It is salutary to look at one or two examples. In the autumn of 1991, the television star Danny Baker made a promotional video for a firm called Entertainment Xpress. The company promised to supply cut-price CDs and videos to members who signed up at £29.95 a year. Any regular music buyer could save a few pounds a year, but the real money came from recruiting others into the scheme. The Baker video promised earnings of up to £29,000 and even as much as £207,000 a year, depending where one was placed in the pyramid. All that people had to do was to recruit new members; it was too easy. Those members brought in two more members who went out and found two more. Once people were at the top, having gone through five layers on the way and having recruited at least 16 members, they earned only a paltry £ 1. If one controlled a pyramid of more than 8,000, one could earn £29,000.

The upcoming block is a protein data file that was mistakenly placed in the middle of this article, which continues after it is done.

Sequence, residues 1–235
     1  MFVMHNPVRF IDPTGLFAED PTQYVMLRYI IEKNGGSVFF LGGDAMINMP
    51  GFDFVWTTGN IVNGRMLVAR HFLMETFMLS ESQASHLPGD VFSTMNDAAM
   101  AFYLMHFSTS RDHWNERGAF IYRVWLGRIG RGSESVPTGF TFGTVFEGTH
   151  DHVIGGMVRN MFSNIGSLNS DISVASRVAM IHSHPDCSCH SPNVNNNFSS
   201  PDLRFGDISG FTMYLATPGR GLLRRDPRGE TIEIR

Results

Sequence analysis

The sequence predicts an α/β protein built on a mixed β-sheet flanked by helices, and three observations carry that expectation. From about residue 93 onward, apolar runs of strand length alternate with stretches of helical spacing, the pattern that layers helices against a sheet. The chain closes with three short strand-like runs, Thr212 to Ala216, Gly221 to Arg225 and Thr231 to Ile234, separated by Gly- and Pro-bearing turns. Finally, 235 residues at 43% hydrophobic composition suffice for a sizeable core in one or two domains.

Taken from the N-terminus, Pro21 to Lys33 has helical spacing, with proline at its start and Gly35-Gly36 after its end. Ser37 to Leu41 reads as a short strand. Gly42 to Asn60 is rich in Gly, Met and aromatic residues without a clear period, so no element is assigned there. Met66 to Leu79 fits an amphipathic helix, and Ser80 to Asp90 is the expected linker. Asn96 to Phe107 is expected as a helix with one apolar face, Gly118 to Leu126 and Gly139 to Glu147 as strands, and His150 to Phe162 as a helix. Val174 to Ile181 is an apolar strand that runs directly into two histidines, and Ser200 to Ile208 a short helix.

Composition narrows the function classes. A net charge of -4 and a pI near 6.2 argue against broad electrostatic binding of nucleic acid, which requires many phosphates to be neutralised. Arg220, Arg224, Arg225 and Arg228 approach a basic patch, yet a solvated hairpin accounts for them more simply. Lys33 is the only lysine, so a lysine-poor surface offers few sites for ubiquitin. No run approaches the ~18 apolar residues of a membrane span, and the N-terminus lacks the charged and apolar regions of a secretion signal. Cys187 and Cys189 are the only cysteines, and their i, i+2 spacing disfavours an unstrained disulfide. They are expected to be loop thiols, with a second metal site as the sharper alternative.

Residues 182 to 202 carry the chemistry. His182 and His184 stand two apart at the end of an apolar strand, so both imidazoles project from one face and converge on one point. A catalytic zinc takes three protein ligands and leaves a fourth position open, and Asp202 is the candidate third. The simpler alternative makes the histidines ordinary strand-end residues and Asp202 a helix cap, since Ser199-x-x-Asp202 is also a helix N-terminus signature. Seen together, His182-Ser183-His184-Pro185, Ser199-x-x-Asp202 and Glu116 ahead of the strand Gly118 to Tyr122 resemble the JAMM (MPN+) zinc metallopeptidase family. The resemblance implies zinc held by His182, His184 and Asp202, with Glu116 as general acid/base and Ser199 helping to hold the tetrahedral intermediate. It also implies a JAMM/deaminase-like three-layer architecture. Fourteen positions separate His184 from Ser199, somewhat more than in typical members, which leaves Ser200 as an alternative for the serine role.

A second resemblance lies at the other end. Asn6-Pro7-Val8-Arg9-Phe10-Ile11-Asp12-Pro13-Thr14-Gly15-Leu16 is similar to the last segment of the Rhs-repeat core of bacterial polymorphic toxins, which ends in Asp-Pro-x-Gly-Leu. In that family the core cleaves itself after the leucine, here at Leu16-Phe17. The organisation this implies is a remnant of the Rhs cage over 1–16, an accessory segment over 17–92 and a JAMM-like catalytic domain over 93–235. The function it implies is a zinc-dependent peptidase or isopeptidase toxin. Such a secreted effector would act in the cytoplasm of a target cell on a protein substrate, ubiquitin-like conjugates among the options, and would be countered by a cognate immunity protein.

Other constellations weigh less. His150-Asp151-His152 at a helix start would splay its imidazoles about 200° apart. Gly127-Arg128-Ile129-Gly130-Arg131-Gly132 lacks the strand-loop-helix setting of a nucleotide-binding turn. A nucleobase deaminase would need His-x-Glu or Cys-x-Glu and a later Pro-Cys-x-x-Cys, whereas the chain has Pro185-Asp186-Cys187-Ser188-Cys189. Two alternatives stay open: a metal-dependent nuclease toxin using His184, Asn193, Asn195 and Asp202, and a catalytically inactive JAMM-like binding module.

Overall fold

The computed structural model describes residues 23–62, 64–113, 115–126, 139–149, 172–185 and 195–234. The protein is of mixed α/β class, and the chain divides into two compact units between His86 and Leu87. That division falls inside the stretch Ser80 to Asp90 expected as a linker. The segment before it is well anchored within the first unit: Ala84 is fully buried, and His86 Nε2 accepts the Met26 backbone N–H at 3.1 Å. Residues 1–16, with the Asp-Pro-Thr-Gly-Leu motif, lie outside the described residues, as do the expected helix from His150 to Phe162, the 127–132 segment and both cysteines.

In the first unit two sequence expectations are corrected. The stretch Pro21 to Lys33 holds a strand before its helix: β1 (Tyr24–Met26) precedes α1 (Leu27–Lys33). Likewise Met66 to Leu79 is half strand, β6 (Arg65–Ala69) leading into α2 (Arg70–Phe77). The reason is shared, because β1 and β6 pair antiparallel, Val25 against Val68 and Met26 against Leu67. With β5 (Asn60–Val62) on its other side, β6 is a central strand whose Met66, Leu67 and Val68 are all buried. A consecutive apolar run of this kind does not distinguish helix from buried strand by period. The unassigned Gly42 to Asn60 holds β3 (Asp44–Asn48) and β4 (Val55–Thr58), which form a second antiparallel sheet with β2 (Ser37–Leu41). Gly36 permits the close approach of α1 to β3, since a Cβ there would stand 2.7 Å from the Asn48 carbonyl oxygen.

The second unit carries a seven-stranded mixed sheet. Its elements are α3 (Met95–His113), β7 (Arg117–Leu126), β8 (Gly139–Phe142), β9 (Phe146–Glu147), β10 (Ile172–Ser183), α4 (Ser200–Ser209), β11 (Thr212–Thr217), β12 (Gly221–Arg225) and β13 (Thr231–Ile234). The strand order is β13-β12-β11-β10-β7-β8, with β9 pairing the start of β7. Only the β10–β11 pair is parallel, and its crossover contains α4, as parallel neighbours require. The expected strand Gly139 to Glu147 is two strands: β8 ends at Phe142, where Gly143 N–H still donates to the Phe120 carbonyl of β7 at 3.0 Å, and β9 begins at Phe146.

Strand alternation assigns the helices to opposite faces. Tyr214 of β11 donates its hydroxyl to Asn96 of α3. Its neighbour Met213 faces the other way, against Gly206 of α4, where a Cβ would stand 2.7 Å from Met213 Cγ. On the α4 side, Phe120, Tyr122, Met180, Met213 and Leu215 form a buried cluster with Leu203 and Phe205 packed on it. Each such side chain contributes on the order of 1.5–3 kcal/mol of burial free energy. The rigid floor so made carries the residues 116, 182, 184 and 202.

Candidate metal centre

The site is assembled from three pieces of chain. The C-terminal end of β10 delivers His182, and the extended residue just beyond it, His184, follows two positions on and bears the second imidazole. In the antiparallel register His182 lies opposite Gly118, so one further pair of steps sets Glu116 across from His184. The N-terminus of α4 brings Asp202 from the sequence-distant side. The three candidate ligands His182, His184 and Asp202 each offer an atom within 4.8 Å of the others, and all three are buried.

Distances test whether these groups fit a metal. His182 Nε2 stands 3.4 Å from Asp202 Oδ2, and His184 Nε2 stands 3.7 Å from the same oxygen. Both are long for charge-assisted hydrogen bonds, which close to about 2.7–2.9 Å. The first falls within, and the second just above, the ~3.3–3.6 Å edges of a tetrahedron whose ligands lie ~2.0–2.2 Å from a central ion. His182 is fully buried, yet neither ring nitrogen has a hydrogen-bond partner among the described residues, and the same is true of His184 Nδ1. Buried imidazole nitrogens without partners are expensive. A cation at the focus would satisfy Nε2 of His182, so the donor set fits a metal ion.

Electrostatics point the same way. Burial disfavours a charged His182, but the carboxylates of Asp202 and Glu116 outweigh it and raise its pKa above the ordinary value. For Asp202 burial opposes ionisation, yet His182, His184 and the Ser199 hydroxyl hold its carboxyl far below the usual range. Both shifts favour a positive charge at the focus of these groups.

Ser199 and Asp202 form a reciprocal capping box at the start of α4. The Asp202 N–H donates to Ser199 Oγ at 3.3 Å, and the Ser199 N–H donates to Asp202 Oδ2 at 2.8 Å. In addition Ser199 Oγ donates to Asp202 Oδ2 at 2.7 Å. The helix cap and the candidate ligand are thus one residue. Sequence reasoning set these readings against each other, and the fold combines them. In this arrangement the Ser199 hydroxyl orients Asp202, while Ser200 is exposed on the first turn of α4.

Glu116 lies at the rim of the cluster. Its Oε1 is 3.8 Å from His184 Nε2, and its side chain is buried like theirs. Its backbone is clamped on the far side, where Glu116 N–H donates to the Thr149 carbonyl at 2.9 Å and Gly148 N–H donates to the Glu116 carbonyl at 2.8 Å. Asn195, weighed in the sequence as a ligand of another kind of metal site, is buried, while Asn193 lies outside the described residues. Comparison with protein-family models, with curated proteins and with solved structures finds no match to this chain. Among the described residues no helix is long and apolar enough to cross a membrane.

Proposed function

The trading standards officers calculated that the method would require the recruitment of virtually every regular music-buying family in a city the size of Aberdeen. The very top level would have required cities the size of Birmingham, Glasgow or Edinburgh. The good news is that Mr. Baker withdrew his endorsement of the video when the scam was properly explained to him and Entertainment Xpress went bust in 1992. Other examples of schemes that depended on recycling members include Alchemy Foundation, which was wound up by the Department of Trade and Industry in 1994, and successor companies such as Powertag and Headlogic, which were also shut down.